Corporate Banner
Satellite Banner
Informatics
Scientific Community
 
Become a Member | Sign in
Home>News>This Article
  News
Return

New Cloud Computing System that can Reduce Carbon Emissions

Published: Wednesday, January 15, 2014
Last Updated: Wednesday, January 15, 2014
Bookmark and Share
The ‘Stratus’ system shares server load to meet green and cost-related goals of companies.

Computer scientists at Trinity College Dublin and IBM Dublin have made a significant advance that will allow companies to reduce associated greenhouse gas emissions, drive down costs, and minimise network delays depending on their wishes.

The scientists have dubbed their new system ‘Stratus’. Using mathematical algorithms, Stratus effectively balances the load between different computer servers located across the globe. All of the services on the Internet today are based in the ‘Cloud’, which means Twitter, Facebook or Google mail requests are dealt with by one of thousands of PC servers located at a small number of warehouse-sized cloud-computing facilities around the world.

The cloud-computing facilities consume megawatts of power and generate a level of greenhouse gas emissions that varies depending on factors such as local time, the utility’s fuel mix for electricity generation, and the use of sophisticated power-saving techniques.  For example, a facility fed by a coal-fired generator in the middle of a hot summer day consumes power that is both expensive to buy, and which generates a very high carbon output.  In contrast, a facility operating next to a large wind farm in the middle of the night will be cheaper and more carbon efficient.

Companies that host their services in the cloud need to buy sufficient capacity to meet demand, but they can choose where in the world they want their servers to be located and can even change this on an hourly basis. Stratus allows a company to set out how much importance they attach to cost, greenhouse gas emissions and network delays involved in servicing their internet load.  The algorithms then work out how best to split the load across different cloud-computing facilities to achieve the ‘best’ result.

The research has just appeared in the inaugural issue of IEEE: Transactions on Cloud Computing, which is a new journal in the prestigious IEEE Transactions series. Professor in Computer Science at Trinity, Donal O’Mahony, said: “The overall goal of the Stratus system is to allow companies to procure their cloud computing service in a way that best serves their priorities. If they want to be super-green, it will shift the load one way. If they want to cut costs to the bone, it will shift it another way, or they can choose anything in between.”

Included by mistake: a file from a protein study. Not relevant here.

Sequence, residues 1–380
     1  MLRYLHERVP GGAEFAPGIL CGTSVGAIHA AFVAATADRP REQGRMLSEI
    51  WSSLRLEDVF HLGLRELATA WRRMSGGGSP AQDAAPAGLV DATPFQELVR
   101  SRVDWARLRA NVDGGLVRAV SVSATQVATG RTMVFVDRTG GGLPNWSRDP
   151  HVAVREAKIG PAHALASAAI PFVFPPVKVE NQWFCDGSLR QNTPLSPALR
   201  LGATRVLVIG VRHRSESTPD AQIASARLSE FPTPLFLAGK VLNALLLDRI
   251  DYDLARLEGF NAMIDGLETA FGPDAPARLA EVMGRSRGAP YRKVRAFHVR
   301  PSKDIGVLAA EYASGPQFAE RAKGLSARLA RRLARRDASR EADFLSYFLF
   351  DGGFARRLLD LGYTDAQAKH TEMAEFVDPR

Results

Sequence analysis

To test Stratus, the scientists created a simulation based on three large facilities located at California, Virginia and Dublin.  These locations were chosen because they mirrored where Amazon Web Services – a leading cloud provider – has three of their major service centres.   Some data centres used state-of-the-art cooling techniques and some did not.  Real-time local wholesale prices for electricity were used where available.  The team also conducted a study on network delays between various parts of the internet and the three facilities.

In their simulations, the scientists found that by tailoring the algorithms to reduce carbon output, they could achieve a 21% reduction in the greenhouse gas emissions associated with the given load.  Likewise, by targeting electricity cost reductions, they could achieve a 61% saving over simply splitting the load evenly.  By assigning weights to each factor, the load could be spread to fully reflect individual preferences.

Computer scientist Joseph Doyle, who designed the simulation, added: “We know there are imperfections in the data we have for each of these three regions, but what is important is that our algorithms will respond in real-time to deliver on the companies’ objectives.”